How NVIDIA Surprised Investors with Its Pascal GPU Release



NVIDIA launches Pascal

In the previous part of the series, we learned that deep learning drove NVIDIA’s (NVDA) revenue in fiscal 1Q17. The company recently launched its flagship Pascal GPU (graphics processing unit) architecture, further boosting its deep learning, gaming, and virtual reality segments.

The Pascal launch came as a surprise, as it wasn’t expected to happen so soon. Advanced Micro Devices has yet to launch its competing technology Polaris in fiscal 2Q16. Several speculations have been running in the Market regarding Pascal versus Polaris. Let’s look at Polaris and the features that make it a flagship product.

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How does NVIDIA leverage Pascal architecture?

Instead of developing a new chip for every application, NVIDIA develops a single architecture and leverages it across multiple segments. The company launched its Pascal architecture, and on this architecture it built the GTX 1080 and 1070 GPUs for gaming and virtual reality and the P100 and DGX1 for deep learning.

The GTX 1080 and 1070 Founders editions will be available for sale on May 27, 2016, and June 10, 2016, respectively.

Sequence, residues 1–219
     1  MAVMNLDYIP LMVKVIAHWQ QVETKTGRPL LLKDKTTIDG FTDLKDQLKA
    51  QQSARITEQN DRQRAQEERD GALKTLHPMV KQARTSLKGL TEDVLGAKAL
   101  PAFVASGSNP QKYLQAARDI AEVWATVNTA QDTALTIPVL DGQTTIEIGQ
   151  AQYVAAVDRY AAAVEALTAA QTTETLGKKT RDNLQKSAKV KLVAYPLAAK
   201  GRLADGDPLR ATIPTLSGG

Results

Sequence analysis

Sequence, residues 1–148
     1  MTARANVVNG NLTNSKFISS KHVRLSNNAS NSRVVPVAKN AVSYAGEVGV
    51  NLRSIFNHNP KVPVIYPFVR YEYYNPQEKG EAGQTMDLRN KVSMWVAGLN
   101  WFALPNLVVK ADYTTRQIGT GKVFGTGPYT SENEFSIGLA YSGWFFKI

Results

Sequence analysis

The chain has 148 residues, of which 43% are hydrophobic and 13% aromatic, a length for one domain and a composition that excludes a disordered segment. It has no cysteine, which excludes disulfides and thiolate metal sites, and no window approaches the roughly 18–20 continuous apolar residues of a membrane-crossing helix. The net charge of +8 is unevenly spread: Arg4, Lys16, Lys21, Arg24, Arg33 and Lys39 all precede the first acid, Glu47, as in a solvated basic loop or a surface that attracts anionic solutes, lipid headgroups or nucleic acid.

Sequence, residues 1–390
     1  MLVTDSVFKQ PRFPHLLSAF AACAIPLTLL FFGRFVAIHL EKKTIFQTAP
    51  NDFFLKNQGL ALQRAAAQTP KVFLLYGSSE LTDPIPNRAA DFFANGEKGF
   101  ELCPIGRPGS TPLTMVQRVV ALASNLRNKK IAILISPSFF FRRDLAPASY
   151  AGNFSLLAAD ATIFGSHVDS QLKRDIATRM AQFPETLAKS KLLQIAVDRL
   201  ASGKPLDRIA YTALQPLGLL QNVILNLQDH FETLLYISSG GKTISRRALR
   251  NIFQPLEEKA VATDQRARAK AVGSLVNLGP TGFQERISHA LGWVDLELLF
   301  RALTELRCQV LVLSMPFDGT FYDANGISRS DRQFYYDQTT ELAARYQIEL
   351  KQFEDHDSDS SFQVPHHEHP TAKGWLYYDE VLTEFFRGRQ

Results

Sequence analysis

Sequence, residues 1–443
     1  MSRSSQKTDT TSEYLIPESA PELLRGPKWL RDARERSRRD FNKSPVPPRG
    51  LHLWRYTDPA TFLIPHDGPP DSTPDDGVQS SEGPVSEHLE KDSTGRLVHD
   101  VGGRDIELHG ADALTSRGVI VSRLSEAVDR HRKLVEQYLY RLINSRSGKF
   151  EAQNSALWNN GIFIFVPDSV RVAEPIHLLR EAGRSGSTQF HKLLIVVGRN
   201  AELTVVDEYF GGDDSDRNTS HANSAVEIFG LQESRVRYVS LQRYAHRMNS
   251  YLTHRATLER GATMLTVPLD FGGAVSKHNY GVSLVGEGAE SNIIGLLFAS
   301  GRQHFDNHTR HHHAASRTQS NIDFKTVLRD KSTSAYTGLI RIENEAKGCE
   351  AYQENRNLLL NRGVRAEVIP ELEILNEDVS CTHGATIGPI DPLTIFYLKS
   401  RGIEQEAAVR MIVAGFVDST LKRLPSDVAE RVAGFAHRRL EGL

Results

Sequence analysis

Pascal climbs two generations

NVIDIA’s GPU segment has been using 28nm (nanometer) process nodes since 2012, whereas microprocessor makers such as Intel (INTC) have reached 14nm process nodes. NVIDIA built Pascal on TSMC’s (TSM) 16nm FinFET (fin-shaped field effect transistor) technology, which significantly increases performance and reduces power consumption while providing cost efficiencies in manufacturing.

NVIDIA’s P100 product houses 15 billion transistors on a single chip due to the 16nm process node. The GeForce GTX 1080 Pascal-based GPU is a mellowed version of the P100. It houses 7.2 billion transistors and 2,560 CUDA cores, compared to the currently used GTX 960 GPU, which houses 5.2 billion transistors and 2,048 CUDA cores.

Moreover, GTX 1080 has a computing speed of 9TFLOPS (tera floating-point operations per second) compared to GTX 980’s 5TFLOPS. There was speculation that Pascal would be NVIDIA’s first GPU to house HBM 2 (High Bandwidth Memory). However, the original Pascal houses Micron’s (MU) GDDR5X (double data rate type five synchronous graphics random access memory).

The GTX 1080 delivers twice the speed and performance of its Maxwell-based predecessor Titan X and is priced 40% lower. We’ll look at the prices of Pascal GPUs in the next part of the series.

You can get exposure to the companies associated with NVIDIA’s Pascal architecture by investing in the VanEck Vectors Semiconductor ETF (SMH). SMH has 2.2% exposure to MU, 4.4% to NVDA, and 12.2% to TSM.


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